Loving Jay was a wonderful and funny read for me. Being in Liam's head was hilarious. Yes, he did have a complex about his sexuality and still suffered from the aftermath of a bad injury. But, and that's the fun about Loving Jay, he had a wonderful sense of humour and an unique way of thinking about life. An example? He described his not-now-but-maybe-soon-outing as a herd of cows. No, I'm not kiddin you, though I admit, this was one of the funniest metaphors I've ever read about. I cried tears of laughter while reading Loving Jay, especially at the beginning. And although he told himself all the time about not being gay at all, the reader and Liam himself couldn't take it seriously. After the fifth or sixth repition it became a running gag.

And Jay. OMG, I loved Jay. He was such a sweetie. Once he started talking there was no escape. He called it 'verbal diarrhoea' and it just was. He was comenting on his babbling all the time and one can't do a thing about it than laugh. Renea Kaye didn't do only fluffy but some serious topics in Loving Jay too. There was gay bashing, PTSD and Liam's problem with coming out. Nonetheless the book was charming and easy to read. This might be a problem for some readers - the combination of the light and fluffy style with a lot of gay clichés (all gathered in Jay's character). I had no problem with the aforementioned clichés but I read the book in a very relaxed mood during holiday. And it helped getting me even more relaxed. I recommend to read Loving Jay during holiday or on some other occasion while you are able to relax. If you do so, you'll fall for Jay as much as Liam did. Promised.

Loving Jay is a book for romantics. I thought it was nearly too perfect in the end. But, as you may know by now, I'm the first complaining about cheesiness. I like some struggle (even at the end) or some imperfections because that's imo just the way life is. Yes, I'm way more realist than romanticist. Sorry about that.
Nonetheless I really liked Loving Jay because of the awesome MCs and therefore I didn't begrudge them their happy ending. I loved Renea Kaye's writing and hope to read more from her. While I worked at the German version of this review I started to re-read the whole story. The second time was as enjoyable as the first.

All in all Loving Jay was a 4,5 stars read for me.
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Text?Afterimage is a book for mature readers!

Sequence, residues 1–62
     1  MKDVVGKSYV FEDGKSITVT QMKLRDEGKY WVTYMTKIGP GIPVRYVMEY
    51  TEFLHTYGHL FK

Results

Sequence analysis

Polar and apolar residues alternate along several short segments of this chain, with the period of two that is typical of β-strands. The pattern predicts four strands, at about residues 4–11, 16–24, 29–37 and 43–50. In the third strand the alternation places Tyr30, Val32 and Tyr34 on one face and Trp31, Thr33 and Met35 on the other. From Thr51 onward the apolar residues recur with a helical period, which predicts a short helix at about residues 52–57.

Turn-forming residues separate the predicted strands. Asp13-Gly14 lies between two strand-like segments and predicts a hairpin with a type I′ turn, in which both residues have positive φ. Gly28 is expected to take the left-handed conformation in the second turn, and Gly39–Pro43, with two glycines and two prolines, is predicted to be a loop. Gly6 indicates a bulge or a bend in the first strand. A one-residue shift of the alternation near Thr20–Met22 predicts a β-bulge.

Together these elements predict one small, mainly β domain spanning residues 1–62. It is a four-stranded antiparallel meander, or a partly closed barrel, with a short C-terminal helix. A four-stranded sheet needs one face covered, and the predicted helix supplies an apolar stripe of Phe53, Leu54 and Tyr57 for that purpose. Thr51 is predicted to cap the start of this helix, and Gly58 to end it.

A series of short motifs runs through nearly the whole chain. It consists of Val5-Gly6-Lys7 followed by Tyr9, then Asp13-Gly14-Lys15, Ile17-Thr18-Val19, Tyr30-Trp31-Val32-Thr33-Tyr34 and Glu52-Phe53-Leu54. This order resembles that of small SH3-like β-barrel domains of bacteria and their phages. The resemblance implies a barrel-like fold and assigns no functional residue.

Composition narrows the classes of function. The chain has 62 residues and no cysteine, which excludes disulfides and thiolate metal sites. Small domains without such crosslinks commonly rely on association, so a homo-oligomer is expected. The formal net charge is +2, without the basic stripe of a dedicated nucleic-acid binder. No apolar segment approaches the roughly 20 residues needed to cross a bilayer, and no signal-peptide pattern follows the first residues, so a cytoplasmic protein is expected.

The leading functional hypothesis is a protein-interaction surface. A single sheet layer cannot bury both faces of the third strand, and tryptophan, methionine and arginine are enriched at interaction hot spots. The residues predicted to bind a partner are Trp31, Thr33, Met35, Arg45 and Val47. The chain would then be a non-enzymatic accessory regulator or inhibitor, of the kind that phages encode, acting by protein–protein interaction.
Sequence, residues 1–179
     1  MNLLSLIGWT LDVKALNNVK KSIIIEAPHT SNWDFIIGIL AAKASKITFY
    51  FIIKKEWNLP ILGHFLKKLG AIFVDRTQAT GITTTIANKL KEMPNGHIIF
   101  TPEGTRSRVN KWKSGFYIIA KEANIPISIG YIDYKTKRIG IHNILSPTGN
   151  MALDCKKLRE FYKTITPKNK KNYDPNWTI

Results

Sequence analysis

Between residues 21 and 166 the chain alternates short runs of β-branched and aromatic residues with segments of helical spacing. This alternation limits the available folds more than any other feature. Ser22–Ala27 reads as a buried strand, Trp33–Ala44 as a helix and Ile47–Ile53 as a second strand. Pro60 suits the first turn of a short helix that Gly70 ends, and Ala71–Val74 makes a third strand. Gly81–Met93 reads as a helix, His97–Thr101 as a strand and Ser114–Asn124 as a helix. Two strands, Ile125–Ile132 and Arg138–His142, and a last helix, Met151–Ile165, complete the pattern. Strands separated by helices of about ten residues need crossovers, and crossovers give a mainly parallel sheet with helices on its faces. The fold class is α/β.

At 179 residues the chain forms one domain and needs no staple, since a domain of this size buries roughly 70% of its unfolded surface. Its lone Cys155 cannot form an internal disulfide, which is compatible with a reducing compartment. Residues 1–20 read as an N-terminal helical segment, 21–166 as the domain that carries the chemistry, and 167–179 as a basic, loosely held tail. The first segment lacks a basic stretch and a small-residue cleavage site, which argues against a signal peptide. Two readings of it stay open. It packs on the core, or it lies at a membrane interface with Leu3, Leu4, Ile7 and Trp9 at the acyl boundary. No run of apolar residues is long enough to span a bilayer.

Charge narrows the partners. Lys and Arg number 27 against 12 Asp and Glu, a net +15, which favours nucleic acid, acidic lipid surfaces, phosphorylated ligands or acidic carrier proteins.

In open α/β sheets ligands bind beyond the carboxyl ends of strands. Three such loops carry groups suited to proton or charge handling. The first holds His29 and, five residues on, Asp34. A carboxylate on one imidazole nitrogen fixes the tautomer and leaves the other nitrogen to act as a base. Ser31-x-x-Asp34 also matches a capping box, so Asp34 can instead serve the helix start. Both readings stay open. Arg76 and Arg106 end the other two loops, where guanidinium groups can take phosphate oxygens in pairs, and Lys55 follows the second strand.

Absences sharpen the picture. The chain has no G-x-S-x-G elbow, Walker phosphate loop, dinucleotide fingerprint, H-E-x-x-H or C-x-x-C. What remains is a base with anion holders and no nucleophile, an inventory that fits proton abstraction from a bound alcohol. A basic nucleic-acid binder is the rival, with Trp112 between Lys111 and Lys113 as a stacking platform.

This review contains minor spoilers for Evenfall, book one of In the Company of Shadows.

Sin suffers from hallucinations and flashbacks and struggles to keep his fragile state of mind a secret from his partner and lover Boyd. Sin fears he'll fall into one of his fits and then there is no chance of not hurting Boyd.
Boyd has different problems. He's got a promotion from Carthart and can train to become a level 10 agent. That means months of training, isolated on the agency compound even from his partner Sin. Boyd is wary about doing it. He doesn't want to be separated from Sin and he knows the training is going to be tough shit. On the contrary he is flattered about Carthart's idea. He wishes people wouldn't only see Vivienne Beaulieu's son or Sin's partner when they look at him. He wants to be respected for his own archievements.
Both don't know yet that Sin's secrecies and Boyd's training will put them literally into hell...

You think Evenfall was a tough story? You are wrong. At the end of the first book there is hope for these boys and their relationship. In Afterimage you can watch this hope gutter away. It was horrible to read. At the end you feel like someone stomped on your heart, ripped it into pieces and threw it all away. I really was a mess after finishing this book. There was a tiny little glimpse of something (I wouldn't dare to call it hope) but - yeah - I saw it, thank you Ais and Sonny.

What can I say. This book let its readers suffer. Badly. But, and that's a huge BUT, I couldn't put it down. I tried it between chapter 7 and 11 (around 250 pages if my memory doesn't play tricks) and only managed it because I know from experience that nobody likes me after a night I got only four or less hours of sleep.
Afterimage was full of action and one watched Boyd and Sin having the worst timing of all. And when I started to think it couldn't get worser, yepp, I was wrong. Sin's mental status drove me crazy. Boyd's ego trip made me want to cry and they were both so unhealthy for each other. Worst of all, they recognized that for themselves.Sin_Evenfall

Believe me, all the hurt and angst was worth it. They were unhealthy for each other most of the time in Afterimage but they started to grow from it. And they follow this path in the next book of the series - The Interludes. Even when these are 'just' a collection of shorter stories they are essential to the storyline. Don't skip them. They'll give you kind of a break from all the suffering in Afterimage.

It may sound like I didn't liked this book. Wrong, I loved Afterimage. There were a lot of awesome things in this book. So much action, breath taking moments and all the side characters the reader got to know better. The guys from Carthart's unit, the other level 10 trainees, Ann and - oh yeah - Kassian. And the end. OMG, this end was fabulous. Didn't I see it coming at the end of Evenfall? It was nice to see that I got the hint. It was also good to see that not only Boyd could get lost in self-loathing but Sin suffered from the same 'virtue'.